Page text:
infrastructure

Business, Finance & Economics

How to bring high-speed trains to the US

Japan's high speed trains run upwards of 200 miles per hour while Amtrak's Acela can only go its top speed of 150 for short stretches. The reason? Outdated infrastructure. After World War II, the US invested in cars, not trains, and today its passenger railways lag far behind countries in Europe and Asia. Harvard Business School professor Rosabeth Moss Kanter lays out a new vision for US transportation in her book "Move: Putting America's Infrastructure Back in the Lead."

Politics

Behind the Egyptian Crisis: Resource Stress?

The ongoing conflict in Egypt has deep roots in history, religion, politics and economics. But journalist Nafeez Mosaddeq Ahmed says another underlying cause is a growing resource crisis--shortages of food, water, energy, and a booming population.

Business, Finance & Economics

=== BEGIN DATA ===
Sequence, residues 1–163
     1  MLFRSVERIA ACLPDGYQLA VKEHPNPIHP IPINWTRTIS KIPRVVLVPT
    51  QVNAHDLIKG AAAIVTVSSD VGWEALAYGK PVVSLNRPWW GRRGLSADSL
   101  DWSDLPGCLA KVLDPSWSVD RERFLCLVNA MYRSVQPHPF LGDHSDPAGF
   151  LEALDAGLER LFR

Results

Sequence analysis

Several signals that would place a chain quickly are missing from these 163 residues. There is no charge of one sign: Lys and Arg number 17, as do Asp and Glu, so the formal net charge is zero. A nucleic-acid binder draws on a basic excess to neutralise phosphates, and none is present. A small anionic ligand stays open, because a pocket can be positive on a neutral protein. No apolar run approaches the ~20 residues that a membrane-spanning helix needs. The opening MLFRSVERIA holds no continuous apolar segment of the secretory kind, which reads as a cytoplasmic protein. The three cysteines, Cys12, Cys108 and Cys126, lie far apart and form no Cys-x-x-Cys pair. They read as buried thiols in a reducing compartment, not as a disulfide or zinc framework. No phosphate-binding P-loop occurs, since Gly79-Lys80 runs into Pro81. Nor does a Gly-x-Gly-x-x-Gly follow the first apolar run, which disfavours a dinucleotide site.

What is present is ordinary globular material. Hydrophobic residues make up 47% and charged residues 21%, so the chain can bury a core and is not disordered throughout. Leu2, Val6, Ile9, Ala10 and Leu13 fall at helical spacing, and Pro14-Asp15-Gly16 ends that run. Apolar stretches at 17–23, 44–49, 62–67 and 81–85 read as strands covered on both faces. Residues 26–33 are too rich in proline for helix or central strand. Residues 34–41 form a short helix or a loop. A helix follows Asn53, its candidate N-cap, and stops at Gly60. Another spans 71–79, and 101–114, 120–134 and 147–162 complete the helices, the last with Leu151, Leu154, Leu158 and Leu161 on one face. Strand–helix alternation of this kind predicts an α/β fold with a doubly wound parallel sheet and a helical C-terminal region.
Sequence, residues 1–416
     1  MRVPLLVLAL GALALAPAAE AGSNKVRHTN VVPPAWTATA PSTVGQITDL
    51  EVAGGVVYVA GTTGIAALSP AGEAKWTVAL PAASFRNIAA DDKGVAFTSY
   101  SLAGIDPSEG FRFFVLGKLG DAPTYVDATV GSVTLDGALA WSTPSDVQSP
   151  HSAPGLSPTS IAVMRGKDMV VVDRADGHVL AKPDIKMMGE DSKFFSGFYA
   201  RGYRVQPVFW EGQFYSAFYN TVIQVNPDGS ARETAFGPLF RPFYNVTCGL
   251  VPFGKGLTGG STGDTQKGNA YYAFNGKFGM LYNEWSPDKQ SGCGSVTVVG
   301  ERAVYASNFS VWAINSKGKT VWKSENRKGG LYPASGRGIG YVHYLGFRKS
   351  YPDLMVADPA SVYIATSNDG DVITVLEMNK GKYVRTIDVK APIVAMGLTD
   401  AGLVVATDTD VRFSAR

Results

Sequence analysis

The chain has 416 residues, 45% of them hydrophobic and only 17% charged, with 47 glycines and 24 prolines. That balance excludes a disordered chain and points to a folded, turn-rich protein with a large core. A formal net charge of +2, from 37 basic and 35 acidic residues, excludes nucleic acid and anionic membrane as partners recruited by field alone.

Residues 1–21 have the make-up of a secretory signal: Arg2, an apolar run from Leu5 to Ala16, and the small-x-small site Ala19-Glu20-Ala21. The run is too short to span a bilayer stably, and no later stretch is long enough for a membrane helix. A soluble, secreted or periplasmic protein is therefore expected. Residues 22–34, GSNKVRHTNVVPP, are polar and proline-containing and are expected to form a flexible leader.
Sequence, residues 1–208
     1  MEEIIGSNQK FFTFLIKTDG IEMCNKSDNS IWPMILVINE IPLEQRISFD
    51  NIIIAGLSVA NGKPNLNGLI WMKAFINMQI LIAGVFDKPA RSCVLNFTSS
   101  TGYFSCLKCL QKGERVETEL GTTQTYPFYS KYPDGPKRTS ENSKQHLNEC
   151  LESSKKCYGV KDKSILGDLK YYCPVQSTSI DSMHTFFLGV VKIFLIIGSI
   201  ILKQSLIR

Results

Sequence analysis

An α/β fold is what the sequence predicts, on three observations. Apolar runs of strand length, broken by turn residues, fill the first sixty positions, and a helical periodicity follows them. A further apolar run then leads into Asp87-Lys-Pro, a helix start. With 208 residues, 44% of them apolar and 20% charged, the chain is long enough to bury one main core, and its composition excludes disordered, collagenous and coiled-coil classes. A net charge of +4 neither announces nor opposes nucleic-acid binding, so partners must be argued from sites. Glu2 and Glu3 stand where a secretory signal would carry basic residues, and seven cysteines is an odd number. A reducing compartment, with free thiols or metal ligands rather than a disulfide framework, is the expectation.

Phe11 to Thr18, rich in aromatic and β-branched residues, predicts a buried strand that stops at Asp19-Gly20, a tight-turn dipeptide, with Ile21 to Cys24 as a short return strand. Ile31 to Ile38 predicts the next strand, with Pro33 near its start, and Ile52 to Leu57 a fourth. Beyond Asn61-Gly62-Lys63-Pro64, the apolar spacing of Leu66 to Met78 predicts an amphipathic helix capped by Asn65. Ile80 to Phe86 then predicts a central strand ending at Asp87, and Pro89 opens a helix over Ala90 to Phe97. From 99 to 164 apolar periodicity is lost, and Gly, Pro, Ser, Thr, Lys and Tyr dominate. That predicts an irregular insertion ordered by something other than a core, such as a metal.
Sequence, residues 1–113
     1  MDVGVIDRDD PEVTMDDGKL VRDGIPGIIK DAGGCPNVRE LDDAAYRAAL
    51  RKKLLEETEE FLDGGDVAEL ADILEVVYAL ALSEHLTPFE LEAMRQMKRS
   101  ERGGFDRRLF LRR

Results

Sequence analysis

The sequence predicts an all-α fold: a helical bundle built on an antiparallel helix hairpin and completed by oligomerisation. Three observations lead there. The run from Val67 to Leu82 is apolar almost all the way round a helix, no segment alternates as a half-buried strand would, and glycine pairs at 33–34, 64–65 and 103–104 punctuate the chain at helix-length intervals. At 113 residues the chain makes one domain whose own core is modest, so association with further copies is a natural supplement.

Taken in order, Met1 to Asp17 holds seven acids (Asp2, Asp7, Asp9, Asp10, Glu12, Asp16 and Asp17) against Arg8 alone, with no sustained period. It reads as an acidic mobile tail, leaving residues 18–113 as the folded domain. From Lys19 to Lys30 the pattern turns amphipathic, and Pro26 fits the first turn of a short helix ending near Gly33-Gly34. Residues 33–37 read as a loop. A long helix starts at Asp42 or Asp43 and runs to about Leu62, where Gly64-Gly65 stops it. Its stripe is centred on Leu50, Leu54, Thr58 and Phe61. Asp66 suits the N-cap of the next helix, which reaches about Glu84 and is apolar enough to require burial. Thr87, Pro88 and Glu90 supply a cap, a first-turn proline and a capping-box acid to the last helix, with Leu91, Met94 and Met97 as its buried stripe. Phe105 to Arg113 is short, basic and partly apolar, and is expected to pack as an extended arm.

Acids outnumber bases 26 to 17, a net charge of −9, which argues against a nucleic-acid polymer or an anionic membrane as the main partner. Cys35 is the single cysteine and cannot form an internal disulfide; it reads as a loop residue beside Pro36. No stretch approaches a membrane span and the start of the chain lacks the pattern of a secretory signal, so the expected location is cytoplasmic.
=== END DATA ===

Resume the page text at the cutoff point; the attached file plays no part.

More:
How to bring high-speed trains to the US

Japan's high speed trains run upwards of 200 miles per hour while Amtrak's Acela can only go its top speed of 150 for short stretches. The reason? Outdated infrastructure. After World War II, the US invested in cars, not trains, and today its passenger railways lag far behind countries in Europe and Asia. Harvard Business School professor Rosabeth Moss Kanter lays out a new vision for US transportation in her book "Move: Putting America's Infrastructure Back in the Lead."

Politics

The destination of green stimulus dollars

In February, the federal government injected $787 billion dollars to stimulate the economy. A lot of that money went to so-called green projects. The World's Jason Margolis looks at where those green dollars are going and just how green those dollars are.